The next track was Frank Glazer’s rendition of Erik Satie’s Trois Gymnopédies: Gymnopédie No. 1.  The piano sounds full and haunting. The detail in the recording really comes out. I can hear his piano hammers rebounding, also creaks from the piano bench. These are all good things, the amount of sound dimension from such a small device, over wireless no doubt is tough to achieve. At higher volume (80%+) the left hand notes cause a slight distortion, and much of the clarity is lost. However, overall sound quality is still fantastic. 

A major departure from the solemn rainy-day music from Frank Glazer, the next track was The Flaming Lips’ – The Sparrow looks up at the Machine. This song is designed to sound distorted. However it seems to be too much for the flip. The previously clear-ish vocals are buried in the fuzz from the mix. This could be just the nature of pushing so much noise through 2 40mm drivers. The mix is very hard clipped; most definition is lost at high volume.

Outdoors at the beach, the sound was sufficiently loud enough for non-distorted listening even during high wind and surf noise. The range of sound was about 15 feet.

[hr top=”0″ bottom=”18″ /]


The device had zero charge when I took it from the package, so this was a perfect time to test charge time. It took 1.5 hours to charge from dead to full charge using a 2A USB micro wall charger.

My first battery life test started at 7:05am and ended with a zero battery shutdown at 11:53am – 4.5-5 hour battery life, just like it says on the spec sheet.

At the beach we only had access to a 1A USB micro wall charger, charging time was upwards of 3 hours, and battery life after that charge was only 3.5 hours.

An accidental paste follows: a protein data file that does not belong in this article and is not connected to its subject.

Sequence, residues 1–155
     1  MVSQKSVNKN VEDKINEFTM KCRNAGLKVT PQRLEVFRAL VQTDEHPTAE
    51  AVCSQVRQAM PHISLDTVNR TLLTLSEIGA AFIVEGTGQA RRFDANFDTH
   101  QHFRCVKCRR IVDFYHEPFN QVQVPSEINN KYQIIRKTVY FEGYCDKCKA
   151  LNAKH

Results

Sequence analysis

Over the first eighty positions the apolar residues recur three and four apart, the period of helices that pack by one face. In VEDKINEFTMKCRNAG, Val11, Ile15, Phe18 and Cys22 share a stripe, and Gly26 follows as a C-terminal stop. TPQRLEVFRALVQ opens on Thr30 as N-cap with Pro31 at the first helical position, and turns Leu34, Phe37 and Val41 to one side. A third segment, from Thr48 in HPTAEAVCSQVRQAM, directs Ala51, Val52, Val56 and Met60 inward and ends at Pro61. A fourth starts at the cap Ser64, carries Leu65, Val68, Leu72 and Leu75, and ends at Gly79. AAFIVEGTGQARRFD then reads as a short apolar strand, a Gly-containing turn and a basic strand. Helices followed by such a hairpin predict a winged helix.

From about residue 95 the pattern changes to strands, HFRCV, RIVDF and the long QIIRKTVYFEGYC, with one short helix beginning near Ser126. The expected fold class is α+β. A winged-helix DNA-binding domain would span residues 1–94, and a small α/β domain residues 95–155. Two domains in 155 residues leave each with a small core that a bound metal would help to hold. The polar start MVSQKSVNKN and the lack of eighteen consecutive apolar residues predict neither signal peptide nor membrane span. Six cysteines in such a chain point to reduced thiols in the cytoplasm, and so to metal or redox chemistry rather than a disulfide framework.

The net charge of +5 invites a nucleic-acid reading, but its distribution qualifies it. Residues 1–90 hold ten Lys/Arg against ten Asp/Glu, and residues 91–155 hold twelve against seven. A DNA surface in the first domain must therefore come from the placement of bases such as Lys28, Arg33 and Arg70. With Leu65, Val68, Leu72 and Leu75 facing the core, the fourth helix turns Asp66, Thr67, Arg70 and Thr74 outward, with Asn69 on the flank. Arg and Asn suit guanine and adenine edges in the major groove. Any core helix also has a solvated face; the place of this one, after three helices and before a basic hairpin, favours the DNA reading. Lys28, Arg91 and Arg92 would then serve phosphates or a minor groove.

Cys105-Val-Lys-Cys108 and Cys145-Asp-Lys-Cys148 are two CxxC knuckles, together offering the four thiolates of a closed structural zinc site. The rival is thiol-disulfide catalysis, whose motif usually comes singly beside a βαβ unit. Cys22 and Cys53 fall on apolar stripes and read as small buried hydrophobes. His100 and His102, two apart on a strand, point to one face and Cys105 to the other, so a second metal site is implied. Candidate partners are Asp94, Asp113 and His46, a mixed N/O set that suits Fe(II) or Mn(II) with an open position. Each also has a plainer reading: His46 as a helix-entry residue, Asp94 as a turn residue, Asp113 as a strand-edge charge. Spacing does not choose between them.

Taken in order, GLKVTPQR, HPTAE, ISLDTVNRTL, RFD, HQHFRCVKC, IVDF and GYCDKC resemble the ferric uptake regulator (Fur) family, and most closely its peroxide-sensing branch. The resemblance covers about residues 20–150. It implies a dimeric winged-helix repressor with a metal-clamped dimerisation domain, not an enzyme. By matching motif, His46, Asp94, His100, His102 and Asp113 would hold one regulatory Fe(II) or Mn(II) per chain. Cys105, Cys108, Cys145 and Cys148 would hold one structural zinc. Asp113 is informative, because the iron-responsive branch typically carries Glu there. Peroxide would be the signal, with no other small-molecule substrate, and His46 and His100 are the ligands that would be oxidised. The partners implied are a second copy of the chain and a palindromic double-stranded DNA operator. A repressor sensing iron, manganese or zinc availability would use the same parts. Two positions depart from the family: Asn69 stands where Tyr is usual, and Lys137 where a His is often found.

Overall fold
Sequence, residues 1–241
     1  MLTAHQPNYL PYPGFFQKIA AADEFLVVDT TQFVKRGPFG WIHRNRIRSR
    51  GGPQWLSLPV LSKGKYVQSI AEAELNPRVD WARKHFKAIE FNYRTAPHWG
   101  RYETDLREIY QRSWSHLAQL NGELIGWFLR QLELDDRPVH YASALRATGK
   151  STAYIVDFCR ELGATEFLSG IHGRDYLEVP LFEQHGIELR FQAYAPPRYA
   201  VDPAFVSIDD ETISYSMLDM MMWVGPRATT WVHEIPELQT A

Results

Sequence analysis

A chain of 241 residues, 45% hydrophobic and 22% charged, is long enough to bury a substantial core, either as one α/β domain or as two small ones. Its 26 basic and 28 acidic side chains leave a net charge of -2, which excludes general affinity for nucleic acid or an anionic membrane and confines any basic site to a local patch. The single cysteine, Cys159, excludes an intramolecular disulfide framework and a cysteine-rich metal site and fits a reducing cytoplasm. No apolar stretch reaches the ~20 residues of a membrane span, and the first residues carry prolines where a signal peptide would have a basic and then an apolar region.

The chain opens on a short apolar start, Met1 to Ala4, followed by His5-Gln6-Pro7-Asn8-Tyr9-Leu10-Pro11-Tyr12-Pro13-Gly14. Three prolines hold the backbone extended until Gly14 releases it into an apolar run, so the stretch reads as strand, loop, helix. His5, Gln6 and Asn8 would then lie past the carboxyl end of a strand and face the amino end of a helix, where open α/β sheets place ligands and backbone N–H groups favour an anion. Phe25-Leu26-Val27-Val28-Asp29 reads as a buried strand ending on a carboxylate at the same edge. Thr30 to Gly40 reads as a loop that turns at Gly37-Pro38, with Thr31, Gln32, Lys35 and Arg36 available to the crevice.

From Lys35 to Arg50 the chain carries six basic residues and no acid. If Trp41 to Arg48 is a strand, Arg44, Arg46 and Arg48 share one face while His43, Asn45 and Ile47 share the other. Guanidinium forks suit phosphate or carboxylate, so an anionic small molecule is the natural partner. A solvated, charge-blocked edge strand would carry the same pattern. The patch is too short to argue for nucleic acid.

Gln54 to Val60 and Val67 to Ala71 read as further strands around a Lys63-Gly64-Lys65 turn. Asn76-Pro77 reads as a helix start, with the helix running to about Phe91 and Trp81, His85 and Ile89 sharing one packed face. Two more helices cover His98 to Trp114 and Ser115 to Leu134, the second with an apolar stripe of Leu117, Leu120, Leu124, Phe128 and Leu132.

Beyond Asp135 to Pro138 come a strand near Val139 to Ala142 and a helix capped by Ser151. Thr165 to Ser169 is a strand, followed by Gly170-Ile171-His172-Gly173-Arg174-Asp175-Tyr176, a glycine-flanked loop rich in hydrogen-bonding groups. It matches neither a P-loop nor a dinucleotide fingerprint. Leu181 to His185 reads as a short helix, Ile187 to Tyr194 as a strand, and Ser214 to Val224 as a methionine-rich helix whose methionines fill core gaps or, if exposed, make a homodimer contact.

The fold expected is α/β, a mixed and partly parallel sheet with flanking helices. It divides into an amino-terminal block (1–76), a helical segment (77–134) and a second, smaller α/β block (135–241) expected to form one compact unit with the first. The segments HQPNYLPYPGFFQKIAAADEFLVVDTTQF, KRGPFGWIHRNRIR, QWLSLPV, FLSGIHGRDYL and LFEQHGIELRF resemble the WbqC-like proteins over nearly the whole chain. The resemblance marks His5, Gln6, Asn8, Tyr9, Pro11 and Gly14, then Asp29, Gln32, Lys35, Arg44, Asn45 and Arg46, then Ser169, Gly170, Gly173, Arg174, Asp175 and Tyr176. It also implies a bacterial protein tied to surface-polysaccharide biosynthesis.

Charging using a laptop USB port made almost no progress at all before we gave up.

Another important thing to note is the very nice hard leather case provided by JBL to protect the speaker, has no space for the factory provided USB micro charger. Making it difficult to carry with the speaker.

[hr top=”0″ bottom=”18″ /]


Bluetooth range is as advertised, about 25-30 feet. In my house, I could get about 15 paces away from the unit (2 rooms away) before audio degraded and eventually stopped.

[hr top=”0″ bottom=”18″ /]

Other observations:

The price is decent, I’d say it’s definitely worth it. At the time of posting this review it’s on sale at VerizonWireless for $89.99.

Pairing multiple devices to the unit will cause them to fight for the output, it gets a little weird sometimes when two devices try to send different streams.

It took more to explain to the normal user what NFC was than it was worth. Most users just used the standard bluetooth pairing method.

I personally dislike the lack of play/pause and next track controls on the unit, and feel the speakerphone is useless. If you’re paired and listening to music, you may not have time to think about switching your bluetooth audio source before answering a call. Though, people on the other end said I sounded loud and clear.

[hr top=”0″ bottom=”18″ /]


Alright, this is kinda cool, I’d like one.

The exact model I reviewed is at this link:

VerizonWireless Store: JBL Flip2